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Exploring the Concept of Resilience in Spatial Planning on the Tsengwen River

Lo, TzuHsiang (2023) Exploring the Concept of Resilience in Spatial Planning on the Tsengwen River.

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Abstract:The causes and consequences of floods are embedded in complex sociopolitical contexts with numerous stakeholders of various interests and views that impact how problems are formed or perceived. Thus, the challenge of transferring the Dutch Room for the River (RftR) to other jurisdictions is not just about implementing technology, it requires a fundamental shift in the governance and culture. Through a technical analysis of flood modelling simulation and social assessment of applying flood resilience framework and contextual water governance theory, this study assesses how the stakeholders perceive the RftR approach and what is the feasibility of implementing the RftR intervention in Tsengwen River in Taiwan. The flood modelling is based on rainfall during Typhoon Morakot in 2009, which caused severe damage in southern Taiwan. The simulation shows an excellent performance (NSE = 0.938), and the flood characteristic analysis indicates that the Tsengwen Reservoir plays a crucial role in flood regulation in the Tsengwen River basin. In addition, the proposed interventions, including the RftR approach, optimised dam operation, and detention ponds, are simulated to evaluate the effectiveness of mitigating the flood hazards in the Danei District. Through applying the flood resilience framework, this study reveals that the current flood risk management strategies are biased towards building the resistance capacity to floods. This tendency might erode the flood resilience in the system. A contextual water governance theory is implemented to assess the complicated interaction among the actors, and how the cultural context, regulations, and previous projects shaped the Tsengwen River basin. These social assessments explicate how flood resilience and water governance framework could complement each other to provide an intact view of complex sociopolitical contexts. In conclusion, this study explores the possibility of applying the Dutch RftR approach to the water governance system in Taiwan. Gaining a better understanding of the viability of implementing the RftR approach in the Tsengwen River basin could help stakeholders in water governance anticipate and address potential challenges and conflicts that may arise when implementing RftR within unique political and geographical contexts.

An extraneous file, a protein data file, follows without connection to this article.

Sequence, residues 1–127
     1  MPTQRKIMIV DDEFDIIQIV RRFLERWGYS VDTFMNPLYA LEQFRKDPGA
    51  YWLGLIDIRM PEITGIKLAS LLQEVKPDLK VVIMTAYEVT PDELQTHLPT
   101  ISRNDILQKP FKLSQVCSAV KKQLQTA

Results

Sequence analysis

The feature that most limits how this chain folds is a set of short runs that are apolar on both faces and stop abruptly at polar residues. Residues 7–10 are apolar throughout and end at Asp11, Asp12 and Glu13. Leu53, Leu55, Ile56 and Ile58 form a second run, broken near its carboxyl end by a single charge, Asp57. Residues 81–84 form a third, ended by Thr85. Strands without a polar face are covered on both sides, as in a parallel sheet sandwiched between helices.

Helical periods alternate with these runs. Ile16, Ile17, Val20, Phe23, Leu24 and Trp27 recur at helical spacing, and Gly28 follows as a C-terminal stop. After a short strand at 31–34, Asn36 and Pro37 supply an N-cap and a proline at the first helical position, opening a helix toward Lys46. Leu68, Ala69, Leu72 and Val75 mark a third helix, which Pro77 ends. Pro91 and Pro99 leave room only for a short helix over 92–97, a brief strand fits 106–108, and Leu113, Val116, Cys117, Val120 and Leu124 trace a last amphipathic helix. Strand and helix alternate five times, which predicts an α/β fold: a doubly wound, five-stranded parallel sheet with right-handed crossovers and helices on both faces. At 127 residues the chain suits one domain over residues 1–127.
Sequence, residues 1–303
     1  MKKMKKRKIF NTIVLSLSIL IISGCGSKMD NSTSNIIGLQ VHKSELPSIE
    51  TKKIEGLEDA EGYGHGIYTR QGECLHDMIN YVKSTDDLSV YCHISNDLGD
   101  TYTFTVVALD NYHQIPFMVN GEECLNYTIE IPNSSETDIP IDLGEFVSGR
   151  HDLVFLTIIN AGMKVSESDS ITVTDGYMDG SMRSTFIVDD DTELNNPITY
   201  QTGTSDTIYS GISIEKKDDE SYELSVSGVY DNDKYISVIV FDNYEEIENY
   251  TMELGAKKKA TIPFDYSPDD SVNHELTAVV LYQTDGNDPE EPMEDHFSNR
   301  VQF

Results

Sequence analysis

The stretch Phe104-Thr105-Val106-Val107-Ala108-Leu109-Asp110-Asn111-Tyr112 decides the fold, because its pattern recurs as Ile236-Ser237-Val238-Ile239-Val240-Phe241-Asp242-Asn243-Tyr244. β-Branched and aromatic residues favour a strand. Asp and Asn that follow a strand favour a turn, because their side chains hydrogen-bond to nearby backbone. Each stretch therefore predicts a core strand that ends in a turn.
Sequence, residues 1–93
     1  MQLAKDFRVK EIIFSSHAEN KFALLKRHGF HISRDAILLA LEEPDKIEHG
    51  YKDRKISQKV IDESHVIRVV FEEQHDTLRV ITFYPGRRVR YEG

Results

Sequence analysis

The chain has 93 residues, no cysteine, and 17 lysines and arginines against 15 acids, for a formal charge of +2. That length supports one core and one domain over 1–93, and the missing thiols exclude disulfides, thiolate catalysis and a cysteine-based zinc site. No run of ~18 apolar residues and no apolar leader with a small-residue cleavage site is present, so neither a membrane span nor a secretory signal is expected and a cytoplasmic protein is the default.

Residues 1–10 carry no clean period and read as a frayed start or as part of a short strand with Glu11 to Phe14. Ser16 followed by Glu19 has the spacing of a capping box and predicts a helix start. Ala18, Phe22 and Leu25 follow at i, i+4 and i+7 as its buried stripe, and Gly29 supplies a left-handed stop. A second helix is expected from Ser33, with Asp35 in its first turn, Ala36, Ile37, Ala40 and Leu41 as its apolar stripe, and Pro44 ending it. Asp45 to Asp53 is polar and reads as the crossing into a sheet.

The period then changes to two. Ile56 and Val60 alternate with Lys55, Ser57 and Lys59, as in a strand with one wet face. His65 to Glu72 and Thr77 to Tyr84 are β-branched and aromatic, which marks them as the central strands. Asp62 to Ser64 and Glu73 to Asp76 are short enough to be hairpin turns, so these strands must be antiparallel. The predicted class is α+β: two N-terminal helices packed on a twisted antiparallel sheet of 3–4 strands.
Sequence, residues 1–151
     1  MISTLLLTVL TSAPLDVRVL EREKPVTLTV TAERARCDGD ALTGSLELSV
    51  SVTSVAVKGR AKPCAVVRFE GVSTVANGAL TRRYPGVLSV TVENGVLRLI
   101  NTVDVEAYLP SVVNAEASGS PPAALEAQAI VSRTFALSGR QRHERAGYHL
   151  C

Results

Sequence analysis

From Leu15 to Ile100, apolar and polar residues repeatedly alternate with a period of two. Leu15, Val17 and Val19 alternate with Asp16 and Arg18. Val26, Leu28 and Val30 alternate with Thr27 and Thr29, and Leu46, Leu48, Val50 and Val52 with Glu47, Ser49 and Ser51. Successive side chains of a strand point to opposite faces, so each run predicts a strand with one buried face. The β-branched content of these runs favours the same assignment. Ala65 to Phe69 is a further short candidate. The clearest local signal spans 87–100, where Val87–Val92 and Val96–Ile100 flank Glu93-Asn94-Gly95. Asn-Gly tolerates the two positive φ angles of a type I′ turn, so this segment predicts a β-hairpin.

Item Type:Essay (Master)
Faculty:ITC: Faculty of Geo-information Science and Earth Observation
Subject:38 earth sciences
Programme:Spatial Engineering MSc (60962)
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